Federal ‘i3' Competition Attracts Lots of Ideas to Improve Ed.

By Erik W. Robelen — July 02, 2010 2 min read
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Lobster Science for Literacy and Learning. Sowing the Seeds of STEM Success. In2Books.

These are just three of the nearly 1,700 projects seeking federal funding under a new grant competition designed to support innovative ideas in education. A new story by my colleague Michele McNeil provides a great overview and analysis of the competition. As she notes, the single category that generated the most applications was “high-quality standards and high-quality assessments,” though it appears that this category was defined pretty loosely.

Michele’s story notes that demand is far outpacing the pot of money in the so-called Investing in Innovation Fund, or i3. In all, districts, schools, and nonprofits have pitched reform proposals worth $12.8 billion for competitive grants, nearly 20 times what the U.S. Department of Education has available.

“The $650 million competition funded by the economic-stimulus package drew 1,698 applicants by the May 12 application deadline, creating a wish list that ranges from a $22,282 proposal to improve students’ writing in Connecticut’s Preston Public Schools to a $50 million plan to expand the Teach for America corps,” the story says.

The department has created a user-friendly website that provides a glimpse of who has applied, what they’re proposing to do, and how much money they want.

In addition to the category focused on high standards and assessments, the three others identified by the Education Department are: effective teachers and principals, use of data, and persistently low-performing schools. In all, there were 592 applicants in the standards and assessments category, more than any other.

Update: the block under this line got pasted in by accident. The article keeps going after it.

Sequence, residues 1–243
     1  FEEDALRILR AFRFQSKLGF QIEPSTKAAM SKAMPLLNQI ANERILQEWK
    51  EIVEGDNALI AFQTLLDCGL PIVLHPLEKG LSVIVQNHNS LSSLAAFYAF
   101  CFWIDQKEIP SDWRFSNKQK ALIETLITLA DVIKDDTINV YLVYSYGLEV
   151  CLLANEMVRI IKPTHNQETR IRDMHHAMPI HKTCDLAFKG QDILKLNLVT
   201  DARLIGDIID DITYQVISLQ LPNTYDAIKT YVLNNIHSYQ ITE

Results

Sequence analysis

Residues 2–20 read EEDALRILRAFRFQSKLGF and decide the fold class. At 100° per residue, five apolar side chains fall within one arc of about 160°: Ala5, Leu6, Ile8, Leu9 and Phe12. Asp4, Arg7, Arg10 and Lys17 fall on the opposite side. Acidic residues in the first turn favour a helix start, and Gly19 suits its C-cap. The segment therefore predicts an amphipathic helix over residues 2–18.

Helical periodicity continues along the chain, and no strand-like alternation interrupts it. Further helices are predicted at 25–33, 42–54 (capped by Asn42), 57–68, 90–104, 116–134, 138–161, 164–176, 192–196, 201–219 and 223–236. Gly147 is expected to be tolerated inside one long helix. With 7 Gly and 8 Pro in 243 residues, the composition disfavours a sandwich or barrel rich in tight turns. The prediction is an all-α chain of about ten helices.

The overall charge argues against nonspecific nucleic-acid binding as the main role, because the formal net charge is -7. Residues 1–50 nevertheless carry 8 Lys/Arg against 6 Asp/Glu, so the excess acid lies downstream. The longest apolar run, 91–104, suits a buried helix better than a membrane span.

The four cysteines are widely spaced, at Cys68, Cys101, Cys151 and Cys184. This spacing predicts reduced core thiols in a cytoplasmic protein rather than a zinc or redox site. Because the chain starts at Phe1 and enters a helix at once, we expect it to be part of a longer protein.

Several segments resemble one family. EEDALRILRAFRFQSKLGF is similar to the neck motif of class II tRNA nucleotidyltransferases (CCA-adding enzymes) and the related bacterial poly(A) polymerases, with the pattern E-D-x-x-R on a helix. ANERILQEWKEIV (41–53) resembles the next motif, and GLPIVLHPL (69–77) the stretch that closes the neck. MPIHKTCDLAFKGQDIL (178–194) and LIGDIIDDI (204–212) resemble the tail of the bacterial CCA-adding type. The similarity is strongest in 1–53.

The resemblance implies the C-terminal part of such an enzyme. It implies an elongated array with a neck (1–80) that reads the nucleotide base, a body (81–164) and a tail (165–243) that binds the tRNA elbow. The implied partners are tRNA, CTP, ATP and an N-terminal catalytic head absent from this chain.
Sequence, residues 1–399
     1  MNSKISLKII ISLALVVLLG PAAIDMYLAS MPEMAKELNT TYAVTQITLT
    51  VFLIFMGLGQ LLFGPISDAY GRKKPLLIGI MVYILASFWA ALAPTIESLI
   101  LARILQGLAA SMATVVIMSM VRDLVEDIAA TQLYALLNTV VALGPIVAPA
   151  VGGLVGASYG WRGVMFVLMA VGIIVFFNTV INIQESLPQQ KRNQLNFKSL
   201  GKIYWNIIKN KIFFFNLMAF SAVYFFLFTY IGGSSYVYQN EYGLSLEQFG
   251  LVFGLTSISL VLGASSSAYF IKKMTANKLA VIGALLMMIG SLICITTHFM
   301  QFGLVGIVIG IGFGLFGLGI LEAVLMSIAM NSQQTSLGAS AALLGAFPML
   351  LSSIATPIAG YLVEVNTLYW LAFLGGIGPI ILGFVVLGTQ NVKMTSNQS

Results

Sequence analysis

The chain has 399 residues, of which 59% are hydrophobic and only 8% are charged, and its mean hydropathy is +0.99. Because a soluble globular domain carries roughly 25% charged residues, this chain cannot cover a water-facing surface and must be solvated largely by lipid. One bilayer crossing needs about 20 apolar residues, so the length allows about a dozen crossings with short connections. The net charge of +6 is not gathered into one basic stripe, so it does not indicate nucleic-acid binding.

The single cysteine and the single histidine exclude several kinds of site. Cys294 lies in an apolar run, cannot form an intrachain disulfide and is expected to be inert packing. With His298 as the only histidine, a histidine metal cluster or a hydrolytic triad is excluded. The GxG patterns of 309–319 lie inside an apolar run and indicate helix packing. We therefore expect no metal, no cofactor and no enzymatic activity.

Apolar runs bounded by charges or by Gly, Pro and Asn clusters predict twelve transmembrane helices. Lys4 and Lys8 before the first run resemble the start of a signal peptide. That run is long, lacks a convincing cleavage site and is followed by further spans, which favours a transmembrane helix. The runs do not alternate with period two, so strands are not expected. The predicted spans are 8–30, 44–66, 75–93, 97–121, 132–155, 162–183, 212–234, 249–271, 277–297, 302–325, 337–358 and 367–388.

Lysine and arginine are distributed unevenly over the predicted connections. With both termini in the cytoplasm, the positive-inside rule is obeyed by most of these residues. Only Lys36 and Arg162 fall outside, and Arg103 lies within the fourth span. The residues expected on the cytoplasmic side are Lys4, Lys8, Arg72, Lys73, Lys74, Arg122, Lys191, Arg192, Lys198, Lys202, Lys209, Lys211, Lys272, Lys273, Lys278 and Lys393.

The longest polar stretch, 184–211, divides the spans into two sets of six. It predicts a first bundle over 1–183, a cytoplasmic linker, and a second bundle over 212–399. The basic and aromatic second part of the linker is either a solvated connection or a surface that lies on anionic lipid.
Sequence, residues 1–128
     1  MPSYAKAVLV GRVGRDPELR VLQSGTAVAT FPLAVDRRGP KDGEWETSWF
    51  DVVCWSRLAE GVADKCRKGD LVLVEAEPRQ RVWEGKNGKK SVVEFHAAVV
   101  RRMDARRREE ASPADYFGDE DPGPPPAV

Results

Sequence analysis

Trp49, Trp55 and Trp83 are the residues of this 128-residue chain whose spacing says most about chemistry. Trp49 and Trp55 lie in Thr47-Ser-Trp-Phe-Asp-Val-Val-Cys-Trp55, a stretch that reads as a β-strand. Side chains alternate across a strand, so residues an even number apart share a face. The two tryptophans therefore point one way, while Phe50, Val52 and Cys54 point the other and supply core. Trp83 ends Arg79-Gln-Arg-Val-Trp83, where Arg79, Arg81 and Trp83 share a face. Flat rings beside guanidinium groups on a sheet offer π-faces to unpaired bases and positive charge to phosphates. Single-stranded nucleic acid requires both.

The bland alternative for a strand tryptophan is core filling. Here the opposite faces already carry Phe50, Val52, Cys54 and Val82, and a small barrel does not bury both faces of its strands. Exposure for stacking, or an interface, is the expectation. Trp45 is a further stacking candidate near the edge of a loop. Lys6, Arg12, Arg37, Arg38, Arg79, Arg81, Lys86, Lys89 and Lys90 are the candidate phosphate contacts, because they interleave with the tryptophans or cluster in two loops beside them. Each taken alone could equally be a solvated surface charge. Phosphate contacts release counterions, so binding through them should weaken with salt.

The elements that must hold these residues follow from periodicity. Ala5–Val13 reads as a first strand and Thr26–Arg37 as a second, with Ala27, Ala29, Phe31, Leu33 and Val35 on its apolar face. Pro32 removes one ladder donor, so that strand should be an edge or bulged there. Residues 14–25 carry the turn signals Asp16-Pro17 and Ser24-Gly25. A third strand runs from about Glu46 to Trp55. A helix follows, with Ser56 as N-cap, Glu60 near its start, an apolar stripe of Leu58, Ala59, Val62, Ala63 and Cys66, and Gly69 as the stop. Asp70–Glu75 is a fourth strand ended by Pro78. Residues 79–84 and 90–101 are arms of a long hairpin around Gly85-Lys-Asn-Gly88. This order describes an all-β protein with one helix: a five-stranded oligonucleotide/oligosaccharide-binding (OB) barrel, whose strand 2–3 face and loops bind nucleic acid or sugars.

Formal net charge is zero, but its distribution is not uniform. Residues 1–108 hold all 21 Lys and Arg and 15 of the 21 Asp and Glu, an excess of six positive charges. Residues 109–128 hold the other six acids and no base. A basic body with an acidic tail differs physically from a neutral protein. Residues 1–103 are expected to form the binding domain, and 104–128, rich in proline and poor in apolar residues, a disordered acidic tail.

Here’s a sampling of the titles of proposals from the standards/assessments category, to give you a flavor:

•"Dive Deeper: Lobster Science for Literacy and Learning,” from the Gulf of Maine Research Institute;
•"Sowing the Seeds of STEM Success” from the Lower Merion School District in Ardmore, Pa.;
•"Gateway to Implementing Technology and Engineering Standards” by the Museum of Science in Boston;
•"In2Books” from the ePals Foundation;
•"Scribo Digita: Innovating Instruction Across the Curriculum Through Writing” from Longwood University;
•"RTI Plus One” from the Maine Support Network, Inc.;
•"Middle Grades Algebra Success Through Higher Order Thinking (MAS-HOT)” from the Pajaro Valley Unified School District in California; and
•"Arts Achieve: Impacting Student Success in the Arts” from the Studio in a School Association, Inc.

The federal i3 database is very easy to search, so if you have any interest, you should check out some of the ideas on tap.

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A version of this news article first appeared in the Curriculum Matters blog.